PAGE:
“What is your message to the country?” he persisted.
“I am a Jewish American,” I began. “I am pleased to meet fellow Jews in Yazd and Isfahan, to visit the sites of my ancestors like Esther and Daniel and Serah bat Asher. I am looking forward to praying with my brothers and sisters in Shiraz. I see Americans and Iranians need to build bridges for a peaceful world.”
I made the peace sign and worried that secret police might follow me. Many adults and children had congregated and began applauding, understanding my meaning if not my words.
I had thought that if there had been Jews in Iran, they would be gone just like the Persian Empire was gone. However, the chosen nation is inextinguishable. Nothing proved this more than the Sabbath service that I rushed to in Shiraz on that Friday night. Well over 200 people were praying in the synagogue, called Kinisa-ye Rabbizadeh.
The congregants mobbed me after Kiddush, bursting with questions, mostly about Jews in America. Were they religious? Did the “reformed” compromise the other Jews? There were multiple invitations for dinner.
My last 10 days in Iran coincided with Ashura, the 10-day celebration of the funeral of the third Imam, Hossein. Rituals include preparing food to serve to the needy, get-togethers of families and neighbors, as well as big parades. Malileh invited me to her home, where I met her parents and her brother, Abbas. Aged 23, he had recently qualified as a pilot, depleting his own and his parents’ savings to take the necessary courses. Now he had a license but no job.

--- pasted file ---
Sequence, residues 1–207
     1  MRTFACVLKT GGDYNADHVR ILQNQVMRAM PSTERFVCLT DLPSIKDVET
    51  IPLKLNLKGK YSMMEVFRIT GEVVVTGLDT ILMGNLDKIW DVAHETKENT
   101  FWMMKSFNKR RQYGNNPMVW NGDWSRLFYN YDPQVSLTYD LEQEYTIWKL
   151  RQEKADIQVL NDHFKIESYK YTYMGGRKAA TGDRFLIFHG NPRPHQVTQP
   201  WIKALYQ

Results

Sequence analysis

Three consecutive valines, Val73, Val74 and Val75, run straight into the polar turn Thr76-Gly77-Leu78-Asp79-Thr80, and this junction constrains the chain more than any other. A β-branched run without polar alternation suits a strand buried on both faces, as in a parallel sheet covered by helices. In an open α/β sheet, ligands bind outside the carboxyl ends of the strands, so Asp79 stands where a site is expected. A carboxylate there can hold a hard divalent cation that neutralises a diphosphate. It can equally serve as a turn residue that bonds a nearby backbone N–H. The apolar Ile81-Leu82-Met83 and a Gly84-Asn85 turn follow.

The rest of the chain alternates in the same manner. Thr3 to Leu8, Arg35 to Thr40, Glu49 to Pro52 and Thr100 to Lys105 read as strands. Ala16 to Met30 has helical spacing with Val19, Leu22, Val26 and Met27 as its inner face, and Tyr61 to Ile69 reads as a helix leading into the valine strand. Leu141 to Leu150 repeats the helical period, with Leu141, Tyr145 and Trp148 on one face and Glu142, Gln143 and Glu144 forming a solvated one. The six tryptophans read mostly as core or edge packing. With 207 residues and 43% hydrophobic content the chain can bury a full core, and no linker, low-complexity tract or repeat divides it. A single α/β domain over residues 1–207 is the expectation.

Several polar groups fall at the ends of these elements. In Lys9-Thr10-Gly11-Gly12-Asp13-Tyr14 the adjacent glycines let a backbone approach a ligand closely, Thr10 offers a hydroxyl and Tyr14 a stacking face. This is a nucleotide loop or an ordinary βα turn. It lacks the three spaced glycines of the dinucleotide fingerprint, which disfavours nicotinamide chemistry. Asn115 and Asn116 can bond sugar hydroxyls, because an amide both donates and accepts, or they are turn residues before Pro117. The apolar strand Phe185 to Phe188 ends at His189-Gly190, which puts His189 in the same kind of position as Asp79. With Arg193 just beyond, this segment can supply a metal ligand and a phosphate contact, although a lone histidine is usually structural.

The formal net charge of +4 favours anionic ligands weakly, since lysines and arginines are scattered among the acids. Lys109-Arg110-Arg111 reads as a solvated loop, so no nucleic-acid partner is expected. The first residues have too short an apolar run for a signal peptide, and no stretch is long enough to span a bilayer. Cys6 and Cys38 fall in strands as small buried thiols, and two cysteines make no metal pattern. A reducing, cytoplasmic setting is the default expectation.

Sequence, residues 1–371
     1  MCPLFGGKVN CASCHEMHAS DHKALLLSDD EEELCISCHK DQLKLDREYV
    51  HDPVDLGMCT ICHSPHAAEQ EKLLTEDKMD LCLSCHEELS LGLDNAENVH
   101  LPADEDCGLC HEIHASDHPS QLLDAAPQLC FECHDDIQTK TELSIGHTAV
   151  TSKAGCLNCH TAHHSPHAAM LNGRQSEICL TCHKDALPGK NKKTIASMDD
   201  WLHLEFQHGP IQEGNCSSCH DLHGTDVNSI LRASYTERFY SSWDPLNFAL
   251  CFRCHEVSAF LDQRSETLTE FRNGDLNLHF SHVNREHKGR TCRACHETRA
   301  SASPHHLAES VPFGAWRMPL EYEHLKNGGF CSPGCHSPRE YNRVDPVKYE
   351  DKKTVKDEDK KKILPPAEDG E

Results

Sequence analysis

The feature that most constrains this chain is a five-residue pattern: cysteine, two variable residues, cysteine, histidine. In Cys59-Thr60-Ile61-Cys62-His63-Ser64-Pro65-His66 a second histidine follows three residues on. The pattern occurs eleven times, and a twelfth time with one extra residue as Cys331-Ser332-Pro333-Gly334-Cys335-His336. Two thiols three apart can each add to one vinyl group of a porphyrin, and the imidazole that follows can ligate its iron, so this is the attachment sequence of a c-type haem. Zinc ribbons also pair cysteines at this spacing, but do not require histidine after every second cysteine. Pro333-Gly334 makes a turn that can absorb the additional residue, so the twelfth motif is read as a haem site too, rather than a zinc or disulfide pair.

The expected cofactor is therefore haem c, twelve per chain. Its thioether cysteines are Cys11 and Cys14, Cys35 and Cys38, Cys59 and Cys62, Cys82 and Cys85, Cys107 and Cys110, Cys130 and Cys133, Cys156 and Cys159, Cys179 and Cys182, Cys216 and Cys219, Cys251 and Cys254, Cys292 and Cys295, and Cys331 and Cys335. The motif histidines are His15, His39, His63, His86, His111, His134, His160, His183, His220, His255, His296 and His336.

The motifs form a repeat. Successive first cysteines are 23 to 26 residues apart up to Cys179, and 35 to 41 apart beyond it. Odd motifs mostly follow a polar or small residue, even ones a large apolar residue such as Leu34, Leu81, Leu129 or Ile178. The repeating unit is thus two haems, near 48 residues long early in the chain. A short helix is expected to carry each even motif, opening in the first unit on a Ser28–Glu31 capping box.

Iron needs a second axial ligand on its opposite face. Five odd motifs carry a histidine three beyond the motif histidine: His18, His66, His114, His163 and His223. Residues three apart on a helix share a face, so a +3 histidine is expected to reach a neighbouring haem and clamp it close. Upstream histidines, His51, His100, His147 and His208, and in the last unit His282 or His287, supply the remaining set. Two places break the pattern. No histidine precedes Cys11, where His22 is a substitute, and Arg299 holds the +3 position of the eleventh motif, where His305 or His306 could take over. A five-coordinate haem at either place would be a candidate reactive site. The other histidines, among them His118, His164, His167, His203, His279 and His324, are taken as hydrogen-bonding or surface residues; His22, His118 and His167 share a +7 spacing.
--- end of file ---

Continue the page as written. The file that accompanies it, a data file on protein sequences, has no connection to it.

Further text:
“The only way to get ahead is to know someone,” he said. “I feel like a drowning person.” He is trying to get a visa to live and work in Canada.
“Don’t leave your world,” I wanted to say. “The legacy of the Persian Empire is so immense.” Instead, I asked Malileh how she felt about staying in Iran.
“I cannot leave my country. If I leave, who will be left to take care of it? Who will guide you to Persepolis? I can’t do political things. I can’t protest against the government, but I can stay to protect what I have,” she said. She wanted her brother to go, she added, because he had a desire to know more about the world, “a world that Persia helped shape for centuries.”
Malileh will remain in the land of her ancestors, a land where leaders are divided between the medieval and modern; where banking and oil are king; a land of nightingales, poetry, rose gardens and cypress trees.
Laura Shapiro Kramer is a writer. Visit www.laurashapirokramer.com to read the full account of her travels to Iran, from which this piece is excerpted.
Secrets of the Land of Esther